Learned Lately: Deadlifting And Bitcoin

Recently I was asked what's something important I've learned recently or that I have changed my mind about.

There's a few big ones, first and foremost is the idea of asymmetric risk which I have written about in the context of Bitcoin. I've chronicled my position in Grayscale Bitcoin Trust (GBTC). Bitcoin is backed by nothing other than a few touts telling us it will be a big deal. They could be right, it could be everything they say, sending the price up to $1 million per Bitcoin. If there is nothing underlying it (yet?) then there is nothing to prevent it from going to zero. A little bit invested that goes to zero is no big deal but if that little bit goes to $1 million then it would be a big deal. I've come to have a greater appreciation for this potential.

The stock market is a place to get rich slowly, which means there is no asymmetric attribute. The average return is 7-10% annually depending on what timeframe you look at. Outlier returns in a year might be 30% to the upside and 40% to the downside. The day Bitcoin hit $14,000 last week, a 52 week high, it also entered a "bear market" being down 20% briefly. It has since clawed some back.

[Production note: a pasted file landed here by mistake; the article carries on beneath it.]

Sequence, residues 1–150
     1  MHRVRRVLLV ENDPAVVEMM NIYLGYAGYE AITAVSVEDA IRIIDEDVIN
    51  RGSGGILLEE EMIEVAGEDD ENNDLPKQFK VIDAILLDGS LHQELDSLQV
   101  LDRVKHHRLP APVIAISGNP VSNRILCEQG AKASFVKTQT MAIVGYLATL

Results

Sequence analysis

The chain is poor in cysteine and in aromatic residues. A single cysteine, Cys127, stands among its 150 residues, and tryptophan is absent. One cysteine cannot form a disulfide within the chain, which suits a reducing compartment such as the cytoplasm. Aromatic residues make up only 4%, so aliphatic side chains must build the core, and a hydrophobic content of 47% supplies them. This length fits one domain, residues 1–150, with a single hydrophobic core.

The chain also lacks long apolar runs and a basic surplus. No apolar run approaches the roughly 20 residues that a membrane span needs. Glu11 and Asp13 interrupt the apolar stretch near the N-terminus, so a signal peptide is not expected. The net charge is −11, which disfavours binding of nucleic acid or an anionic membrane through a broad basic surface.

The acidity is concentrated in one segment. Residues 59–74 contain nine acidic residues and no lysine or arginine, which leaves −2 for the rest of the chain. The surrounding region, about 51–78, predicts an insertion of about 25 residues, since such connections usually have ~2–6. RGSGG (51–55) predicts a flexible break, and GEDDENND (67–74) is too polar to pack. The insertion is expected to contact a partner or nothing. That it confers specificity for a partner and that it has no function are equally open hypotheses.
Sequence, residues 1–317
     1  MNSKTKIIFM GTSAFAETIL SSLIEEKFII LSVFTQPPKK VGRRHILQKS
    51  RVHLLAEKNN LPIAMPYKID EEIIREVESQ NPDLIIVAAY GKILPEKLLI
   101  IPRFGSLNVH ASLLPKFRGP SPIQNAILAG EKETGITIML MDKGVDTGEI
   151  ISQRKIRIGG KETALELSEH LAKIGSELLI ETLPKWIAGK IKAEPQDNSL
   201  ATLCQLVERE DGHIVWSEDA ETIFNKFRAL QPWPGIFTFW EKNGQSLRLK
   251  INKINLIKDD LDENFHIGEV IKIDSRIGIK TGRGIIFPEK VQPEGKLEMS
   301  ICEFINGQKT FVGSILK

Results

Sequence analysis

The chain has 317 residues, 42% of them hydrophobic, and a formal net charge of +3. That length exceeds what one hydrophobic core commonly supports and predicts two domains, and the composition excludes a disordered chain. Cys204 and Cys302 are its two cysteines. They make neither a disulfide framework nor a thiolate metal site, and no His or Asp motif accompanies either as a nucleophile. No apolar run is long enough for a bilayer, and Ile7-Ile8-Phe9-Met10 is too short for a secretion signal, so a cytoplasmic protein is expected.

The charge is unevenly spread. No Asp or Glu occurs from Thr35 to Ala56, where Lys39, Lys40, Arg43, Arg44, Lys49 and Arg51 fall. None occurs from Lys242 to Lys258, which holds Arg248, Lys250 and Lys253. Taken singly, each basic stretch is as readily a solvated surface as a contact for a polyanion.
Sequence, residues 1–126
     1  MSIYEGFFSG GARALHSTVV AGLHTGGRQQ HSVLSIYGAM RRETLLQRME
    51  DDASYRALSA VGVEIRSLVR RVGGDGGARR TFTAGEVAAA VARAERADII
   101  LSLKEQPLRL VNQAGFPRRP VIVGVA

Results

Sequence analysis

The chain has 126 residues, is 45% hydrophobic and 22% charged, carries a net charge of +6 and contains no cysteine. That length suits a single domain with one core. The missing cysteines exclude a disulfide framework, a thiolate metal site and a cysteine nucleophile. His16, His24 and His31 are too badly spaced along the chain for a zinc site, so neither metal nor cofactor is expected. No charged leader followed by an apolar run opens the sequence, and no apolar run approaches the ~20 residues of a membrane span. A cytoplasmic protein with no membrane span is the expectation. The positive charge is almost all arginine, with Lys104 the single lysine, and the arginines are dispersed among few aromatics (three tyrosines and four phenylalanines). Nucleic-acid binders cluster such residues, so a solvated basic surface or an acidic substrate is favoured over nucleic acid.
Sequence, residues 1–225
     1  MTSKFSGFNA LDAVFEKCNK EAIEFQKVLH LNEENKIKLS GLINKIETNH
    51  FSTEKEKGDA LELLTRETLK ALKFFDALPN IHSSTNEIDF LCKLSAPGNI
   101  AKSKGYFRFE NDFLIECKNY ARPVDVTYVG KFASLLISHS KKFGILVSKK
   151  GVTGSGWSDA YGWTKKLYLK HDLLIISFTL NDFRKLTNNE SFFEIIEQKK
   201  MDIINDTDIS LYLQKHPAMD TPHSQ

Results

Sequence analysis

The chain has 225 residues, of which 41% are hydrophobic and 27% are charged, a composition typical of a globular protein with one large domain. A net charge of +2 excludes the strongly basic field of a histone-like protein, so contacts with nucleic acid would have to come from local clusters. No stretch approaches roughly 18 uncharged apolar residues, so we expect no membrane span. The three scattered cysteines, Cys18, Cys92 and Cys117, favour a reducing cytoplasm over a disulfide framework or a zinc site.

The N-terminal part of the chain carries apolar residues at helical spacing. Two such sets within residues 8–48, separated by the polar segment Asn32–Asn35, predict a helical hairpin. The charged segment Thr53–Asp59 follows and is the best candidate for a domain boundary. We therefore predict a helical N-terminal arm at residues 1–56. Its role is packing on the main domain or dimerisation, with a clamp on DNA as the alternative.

You can invest in the stock market, but for now Bitcoin seems to be pure speculation and I don't think I have any real pushback to someone who says it's a Ponzi Scheme. Any outcome is possible, and that is the asymmetry.

I do want to include an example of what is not asymmetric risk. Someone from self-improvement Twitter whose Tweet volume far exceeds his wisdom said that lifting weights has asymmetric risk because you can get so much out of it without having to put a ton of time into it. That description is true, I lift twice a week for about 45 minutes per and I believe the benefit to me far outweighs the time spent. That's not asymmetric risk though. It's probably better thought of as asymmetric benefit. This example may not resonate with you but to the extent we confront various asymmetric opportunities in our lives, it helps to know which ones actually involve risk and which ones don't.

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